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So I’m a little irritated that I have to even address this one, but it’s come up a few times now in personal interactions so I’m going to tackle it head-on.  Specifically, Equifax, their CISO, and the fact that she has an MFA in music.

We all know that Equifax got hacked, right?  Pretty egregiously. Well, there has been quite a bit of subsequent attention about the fact that their CSO, Susan Mauldin, has an MFA (in music composition.)  I’ve had a few folks bring it to my attention in personal interactions (i.e. LinkedIn screen-shots and whatnot) and there’s even been a headline or two in the trade press about this.  People are really making a fuss about this.  Their line of reasoning is something along the lines of “well, of course they got hacked, they had a music major as their CSO.”  Which would be laughable if it weren’t so misguided.

Here’s what I mean.  Say for the sake of argument (i.e. as a thought experiment) that she had a PhD in computer science instead of an MFA in music. Would that have made Equifax patch Apache Struts any faster?  Seriously… think about it.  Would it have made any difference at all in the outcome?  Nope.  Goose-egg, zilch, nada, the null set.  It is exactly the same outcome with MFA as PhD in computer science.  How about multiple degrees in technical fields and certifications coming out the wazoo?  Is Struts patched faster then?

You see where I’m going with this, right?

I’ve been reflecting on why exactly the hubbub about her MFA pisses me off as much as it does.  It’s not just that it’s an irrelevant data point.  There are irrelevant data points in this industry all the time.  But somehow I’m able to let those go.  This MFA thing not so much.  I think the reason is that it represents, to my mind, a line of reasoning that is actively dangerous for the profession.

There are a few reasons why I think this is true.  First, it stops conversation.  It short-cuts any potential learnings about what happened, discussion about how we can do better, or any growth that might occur as a result.  For example, why exactly couldn’t they (or didn’t they) patch Struts in a timely fashion?  Is there something we can learn from that?  Doesn’t matter, because MFA.  What can we learn about incident response as result of how they handled it?  Nothing, MFA.  Would better threat intelligence have made a difference in catching it earlier?  MFA.  You see what I mean?  “Because MFA” prevents us from learning , getting better, or unpacking the relevant facts.  It’s simultaneously lazy and counterproductive.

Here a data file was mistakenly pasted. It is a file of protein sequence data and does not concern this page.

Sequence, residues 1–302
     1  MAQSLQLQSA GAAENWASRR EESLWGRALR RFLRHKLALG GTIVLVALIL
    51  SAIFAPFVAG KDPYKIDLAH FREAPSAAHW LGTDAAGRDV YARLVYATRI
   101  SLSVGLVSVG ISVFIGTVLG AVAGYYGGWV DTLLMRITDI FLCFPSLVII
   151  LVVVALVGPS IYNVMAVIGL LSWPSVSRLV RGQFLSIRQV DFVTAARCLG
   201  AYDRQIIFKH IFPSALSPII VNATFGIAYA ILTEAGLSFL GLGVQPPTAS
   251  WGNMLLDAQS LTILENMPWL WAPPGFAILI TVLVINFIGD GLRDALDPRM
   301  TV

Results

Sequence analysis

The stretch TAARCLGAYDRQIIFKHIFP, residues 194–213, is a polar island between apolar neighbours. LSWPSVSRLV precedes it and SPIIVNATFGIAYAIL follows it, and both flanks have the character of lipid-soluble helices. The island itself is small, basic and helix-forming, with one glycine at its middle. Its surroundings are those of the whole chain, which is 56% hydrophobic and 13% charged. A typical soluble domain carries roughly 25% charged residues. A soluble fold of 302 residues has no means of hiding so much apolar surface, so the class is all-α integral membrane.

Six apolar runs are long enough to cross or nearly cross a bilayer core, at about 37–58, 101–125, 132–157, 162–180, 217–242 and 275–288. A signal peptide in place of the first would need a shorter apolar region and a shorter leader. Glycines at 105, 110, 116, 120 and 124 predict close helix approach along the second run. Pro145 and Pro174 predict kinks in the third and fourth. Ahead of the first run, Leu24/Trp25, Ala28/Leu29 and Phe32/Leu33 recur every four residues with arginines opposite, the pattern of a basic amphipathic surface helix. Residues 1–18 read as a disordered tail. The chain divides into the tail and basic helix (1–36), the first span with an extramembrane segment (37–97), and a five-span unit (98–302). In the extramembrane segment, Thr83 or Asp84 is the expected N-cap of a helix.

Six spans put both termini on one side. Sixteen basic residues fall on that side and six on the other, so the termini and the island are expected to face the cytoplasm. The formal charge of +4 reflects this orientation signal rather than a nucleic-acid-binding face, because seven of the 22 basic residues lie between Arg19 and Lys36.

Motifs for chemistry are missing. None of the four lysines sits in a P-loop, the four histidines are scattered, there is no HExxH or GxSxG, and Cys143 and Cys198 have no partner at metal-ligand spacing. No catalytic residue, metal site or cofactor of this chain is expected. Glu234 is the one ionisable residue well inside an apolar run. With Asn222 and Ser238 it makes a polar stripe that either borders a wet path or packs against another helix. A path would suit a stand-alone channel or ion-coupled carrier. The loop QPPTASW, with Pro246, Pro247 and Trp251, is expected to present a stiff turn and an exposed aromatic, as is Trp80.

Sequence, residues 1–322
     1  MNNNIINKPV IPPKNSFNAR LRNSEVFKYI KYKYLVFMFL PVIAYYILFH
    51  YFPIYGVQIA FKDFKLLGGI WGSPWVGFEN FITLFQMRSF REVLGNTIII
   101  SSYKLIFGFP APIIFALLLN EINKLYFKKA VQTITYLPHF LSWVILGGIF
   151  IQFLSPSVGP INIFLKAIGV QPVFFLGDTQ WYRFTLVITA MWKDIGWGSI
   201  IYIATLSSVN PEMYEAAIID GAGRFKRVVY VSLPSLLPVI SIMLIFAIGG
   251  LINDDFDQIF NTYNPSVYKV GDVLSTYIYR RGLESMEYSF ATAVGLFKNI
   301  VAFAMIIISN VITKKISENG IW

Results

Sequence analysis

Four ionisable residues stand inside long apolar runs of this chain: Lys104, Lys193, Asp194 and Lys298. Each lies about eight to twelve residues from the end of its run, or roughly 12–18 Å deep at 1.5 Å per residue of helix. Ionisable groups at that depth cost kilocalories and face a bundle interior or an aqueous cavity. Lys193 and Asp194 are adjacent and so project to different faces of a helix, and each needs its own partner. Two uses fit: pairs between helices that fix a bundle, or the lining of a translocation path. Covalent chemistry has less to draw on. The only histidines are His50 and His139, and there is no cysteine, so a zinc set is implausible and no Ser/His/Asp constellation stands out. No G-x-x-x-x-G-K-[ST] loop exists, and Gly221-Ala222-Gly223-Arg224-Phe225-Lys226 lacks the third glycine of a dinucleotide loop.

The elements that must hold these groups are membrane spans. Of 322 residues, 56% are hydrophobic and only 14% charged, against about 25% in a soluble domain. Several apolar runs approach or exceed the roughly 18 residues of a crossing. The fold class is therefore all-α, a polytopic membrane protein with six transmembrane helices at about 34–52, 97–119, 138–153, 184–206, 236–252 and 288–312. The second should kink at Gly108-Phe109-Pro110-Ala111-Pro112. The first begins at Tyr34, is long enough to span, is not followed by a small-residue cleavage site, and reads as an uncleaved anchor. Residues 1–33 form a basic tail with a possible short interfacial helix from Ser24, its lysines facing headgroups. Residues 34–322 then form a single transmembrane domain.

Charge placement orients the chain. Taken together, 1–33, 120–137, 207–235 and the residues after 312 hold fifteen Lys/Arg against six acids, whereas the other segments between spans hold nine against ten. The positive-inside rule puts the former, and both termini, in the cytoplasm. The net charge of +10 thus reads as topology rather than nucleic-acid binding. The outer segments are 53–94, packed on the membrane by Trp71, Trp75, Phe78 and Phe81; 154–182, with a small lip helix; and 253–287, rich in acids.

Second, I think this reflects poorly on those calling it out.  It causes me to question whether they have a clear understanding what the position of CSO entails (like at a fundamental level).  For example, what do they think a CSO does that would necessitate an advanced technical degree?  Do they think CSO’s spend their days writing compilers?  Working hands-on analyzing malware?  Reading IDS logs?   Any CSO that has time to do any of that (or is expected to) is either in the wrong job, has the wrong priorities, or is working for fundamentally broken company based on expectations of where that company’s leadership team should spend their time.  Instead, being a CSO (or CISO) is about building connections, establishing consensus, and cultivating relationships; it’s about motivating people despite being in what’s essentially asymmetric guerrilla warfare where the defenders are at significant disadvantage.   To see what I mean, compare two potential CSO candidates for a bank: one is a music major (yes, with an MFA) that joined that bank right out of school and has worked her way up the business side of the organization for 20 years.  The other is a PhD in information assurance right out of school.  On the basis of these two facts, who’s the better hire?  Spoiler alert: it’s not the second one.

Third, I’m pretty sure this is bad for the industry as a whole.  Look, I’m all about finding out who sucks at security and not making them a CSO.  In fact, I’ve argued again and again that we need professional licensing that can be revoked if someone sucks.  For example, if someone violates ethical rules?  Revoke their license.  If they do something actively ridiculous that violates a reasonable standard of care?  Maybe they get suspended if it happens once, or revoked if it happens more than once.  I’m fine with that.  There are people out there that are terrible at their jobs – some of them work in security.  I’m game for getting them to go do something else.  But focusing on their degree is absolutely not the way to do it.

What is the end state of this armchair quarterbacking the CSO’s qualifications?  If it does anything at all, I think it encourages exactly one thing : restriction of leadership at other firms (who don’t want to be the next Equifax) and prioritizing security hires to only those that are defensible if they get hacked.  This is, by the way, as an alternative to finding someone who understands their business and is good at the job.  Look, if someone is good at the job and knows the business, I don’t care if they have a degree in animal husbandry – or if they majored in pie eating thirty years ago.  But if instead, we limit the pool to select for people that you can defend quals for after you’ve been hacked? Seems to me like a completely wrong mindset.